February 26, 1945
No. 16 (continued)
Wednesday nite we had a party scheduled — this time with a band, but the band had to be called for at a place some little distance from here. As I wanted to go there, and as Carroll had heard that he could get his camera fixed there, we decided to go up with the truck that was being sent out after the band, going early so that we would have a few hours in which to roam the city.
The night before we went, sitting with Del at the movie, I told her our plans and suggested that she go with us. She did, and we had quite a nice day of it. The city [Nancy] is a mighty nice one, large, practically untouched by bombs, etc. except, of course, along the rivers – the bridges being knocked out. Large department stores are everywhere in evidence, both modern ones and old ones. Didn’t buy anything, but window shopped and also went into most of the stores, as Carroll is anxious to buy a big beret, French type, to wear and also to send home. He got a couple of small ones here in town, but he wants some with larger diameter.
With the exception of Paris and Rome, the above city was about the nicest I’ve been in over here – it has very little of historical interest that I could find – it’s just a city, probably more like a city in the U.S. than any of the others, complete with buses, street-cars, etc.
Shortly before we were to pick up the band, we went to the Red Cross Club (where we were supposed to meet them) and we were surprised to find that a show was just starting in there. The band we were picking up we knew little about, except that Serge, who had been in charge of the committee arranging for the band, had told us that the leader’s name was “Jerry Fink”. So, imagine our surprise when, in introducing the various members of the band that was playing on the stage at the ARC, the master of ceremonies introduces Jerry Fink as the drummer. We realized, then, that we would have to wait and see the show, since our band was part of it. As a consequence, the band was ready considerably later than they had told us they would be, but, as long as we got back home in time for supper and to wash up before the party, it was O.K. as far as we were concerned.
It turned out to be a mighty nice party — not a brawl, but not the sedate and rather boring parties that some of these other gangs have had around here. Of course, there were a few things that made our party different than most. 1) Most of these other gangs have their bars at the party and charge for the drinks, thus slowing down things by taking time to make change; whereas our drinks were free and there were full glasses at the counter all the time. The drinks consisted of a punch made up of gin and fruit juice. We had gotten the gin in bulk — another one of those ration deals — stuff made over here by one of the base-section groups, and had bought it and saved it specially for a party such as this was. 2) We had some very good decorations gotten up by our few ingenious gals. Bette Richardson had done the artistry as usual and she had several large drawings on the walls with appropriate captions beneath them. 3) Our wonderful Chef and Pastry-Cook — need I say more? This time he came out with some wonderful devils-food chocolate cake with a flaky chocolate icing, some peach-tarts, cream-puffs, chocolate-custard cakes and a few other choice pastries, besides some creamed-chicken sandwiches, made with mayonnaise of his own making!!! ‘Twas all scrumptious!! And, as was to be expected, there were nothing but crumbs (and mighty few of those) left when the party was all over.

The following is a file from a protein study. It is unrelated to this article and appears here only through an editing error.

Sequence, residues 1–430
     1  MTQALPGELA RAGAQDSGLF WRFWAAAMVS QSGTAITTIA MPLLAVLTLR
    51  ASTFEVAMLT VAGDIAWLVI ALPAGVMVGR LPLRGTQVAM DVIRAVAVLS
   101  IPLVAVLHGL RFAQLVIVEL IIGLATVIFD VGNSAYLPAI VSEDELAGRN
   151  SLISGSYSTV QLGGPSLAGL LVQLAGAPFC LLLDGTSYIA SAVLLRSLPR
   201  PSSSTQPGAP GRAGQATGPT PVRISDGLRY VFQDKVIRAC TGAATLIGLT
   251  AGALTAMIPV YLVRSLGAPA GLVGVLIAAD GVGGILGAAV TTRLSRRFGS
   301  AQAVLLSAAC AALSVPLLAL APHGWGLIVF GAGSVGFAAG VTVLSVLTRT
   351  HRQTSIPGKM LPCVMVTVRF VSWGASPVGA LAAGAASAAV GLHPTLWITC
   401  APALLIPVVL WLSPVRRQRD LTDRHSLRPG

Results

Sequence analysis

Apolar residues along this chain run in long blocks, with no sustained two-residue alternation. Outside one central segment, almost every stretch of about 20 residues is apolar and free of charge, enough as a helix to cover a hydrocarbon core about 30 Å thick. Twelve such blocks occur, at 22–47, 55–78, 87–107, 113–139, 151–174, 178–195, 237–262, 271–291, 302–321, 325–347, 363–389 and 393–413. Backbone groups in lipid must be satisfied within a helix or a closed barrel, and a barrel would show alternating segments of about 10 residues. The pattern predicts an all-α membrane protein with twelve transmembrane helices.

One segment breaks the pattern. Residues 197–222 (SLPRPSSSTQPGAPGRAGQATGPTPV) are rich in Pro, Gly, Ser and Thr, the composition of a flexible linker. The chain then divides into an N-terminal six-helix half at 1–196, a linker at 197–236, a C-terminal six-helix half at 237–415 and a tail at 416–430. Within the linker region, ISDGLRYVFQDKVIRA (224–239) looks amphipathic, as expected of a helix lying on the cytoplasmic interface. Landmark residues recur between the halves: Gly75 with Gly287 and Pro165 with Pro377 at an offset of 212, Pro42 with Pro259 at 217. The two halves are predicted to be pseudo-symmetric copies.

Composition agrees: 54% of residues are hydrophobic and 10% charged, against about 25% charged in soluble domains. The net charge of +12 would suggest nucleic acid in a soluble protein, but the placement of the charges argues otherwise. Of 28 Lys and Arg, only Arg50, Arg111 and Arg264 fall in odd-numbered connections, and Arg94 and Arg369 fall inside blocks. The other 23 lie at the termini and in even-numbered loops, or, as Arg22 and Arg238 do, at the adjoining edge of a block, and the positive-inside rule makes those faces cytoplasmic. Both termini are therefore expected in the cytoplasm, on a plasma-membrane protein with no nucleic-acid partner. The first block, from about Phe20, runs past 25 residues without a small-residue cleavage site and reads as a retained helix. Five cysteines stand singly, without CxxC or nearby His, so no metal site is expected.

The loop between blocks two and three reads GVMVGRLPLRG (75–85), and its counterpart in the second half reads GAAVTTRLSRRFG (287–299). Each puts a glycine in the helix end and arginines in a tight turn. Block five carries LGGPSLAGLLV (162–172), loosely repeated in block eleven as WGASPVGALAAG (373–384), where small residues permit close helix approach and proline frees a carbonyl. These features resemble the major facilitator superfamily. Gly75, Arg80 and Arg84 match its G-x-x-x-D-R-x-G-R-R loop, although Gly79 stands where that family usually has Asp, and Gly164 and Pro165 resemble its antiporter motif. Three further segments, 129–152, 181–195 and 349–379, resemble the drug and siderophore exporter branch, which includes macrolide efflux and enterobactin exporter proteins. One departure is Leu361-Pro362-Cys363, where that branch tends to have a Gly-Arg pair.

We had quite a gang at the party. There were so many visitors and strange faces that when one saw a member of the 59th he greeted him as a long-lost friend. Well, it wasn’t quite that bad, but actually we had more visitors than at any other party I can remember. It made it kind of nice, too, particularly since all the visitors really seemed to enjoy themselves and found out what kind of party the 59th could put on. You see, many people had been invited to attend by those that had been on detached service (D.S.) – sort of reciprocating for the nice way all were treated by these other outfits. As a consequence, we had some of the Illinois boys down, some of the Sacramento gang also, and some of the members of the other unit in our area. The gang that is still on D.S. with the outfit Roy, Paul and I had been with on the Invasion, all came down just for the party, bringing Helen Nelson down with them and then returning the next A.M.
Loads of love,
Watch for my next letter
February 28, 1945